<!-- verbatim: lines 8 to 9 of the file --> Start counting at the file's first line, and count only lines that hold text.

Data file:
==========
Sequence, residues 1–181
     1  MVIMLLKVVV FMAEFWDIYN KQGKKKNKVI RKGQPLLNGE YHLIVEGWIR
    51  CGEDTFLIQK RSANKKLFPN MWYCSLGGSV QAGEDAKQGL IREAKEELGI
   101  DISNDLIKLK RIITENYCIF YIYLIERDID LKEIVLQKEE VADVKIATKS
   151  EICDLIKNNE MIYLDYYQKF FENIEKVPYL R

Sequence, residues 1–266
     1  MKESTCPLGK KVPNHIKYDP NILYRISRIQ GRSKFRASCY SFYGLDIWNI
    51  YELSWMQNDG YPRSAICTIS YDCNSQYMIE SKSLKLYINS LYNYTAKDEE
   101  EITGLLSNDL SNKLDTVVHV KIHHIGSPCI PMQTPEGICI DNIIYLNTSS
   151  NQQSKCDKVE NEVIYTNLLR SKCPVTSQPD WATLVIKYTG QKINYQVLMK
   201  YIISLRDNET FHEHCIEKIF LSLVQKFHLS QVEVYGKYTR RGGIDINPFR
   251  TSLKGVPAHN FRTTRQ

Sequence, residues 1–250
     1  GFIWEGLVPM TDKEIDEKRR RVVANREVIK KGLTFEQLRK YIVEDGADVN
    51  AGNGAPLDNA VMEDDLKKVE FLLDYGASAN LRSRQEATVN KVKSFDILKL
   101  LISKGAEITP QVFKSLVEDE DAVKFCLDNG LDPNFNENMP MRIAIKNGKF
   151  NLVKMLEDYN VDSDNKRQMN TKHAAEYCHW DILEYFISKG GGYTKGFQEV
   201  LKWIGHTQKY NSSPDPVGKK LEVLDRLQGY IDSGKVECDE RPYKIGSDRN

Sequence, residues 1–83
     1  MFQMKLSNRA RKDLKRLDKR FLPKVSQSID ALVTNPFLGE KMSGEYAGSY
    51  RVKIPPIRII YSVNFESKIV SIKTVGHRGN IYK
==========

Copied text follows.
    51  YELSWMQNDG YPRSAICTIS YDCNSQYMIE SKSLKLYINS LYNYTAKDEE
   101  EITGLLSNDL SNKLDTVVHV KIHHIGSPCI PMQTPEGICI DNIIYLNTSS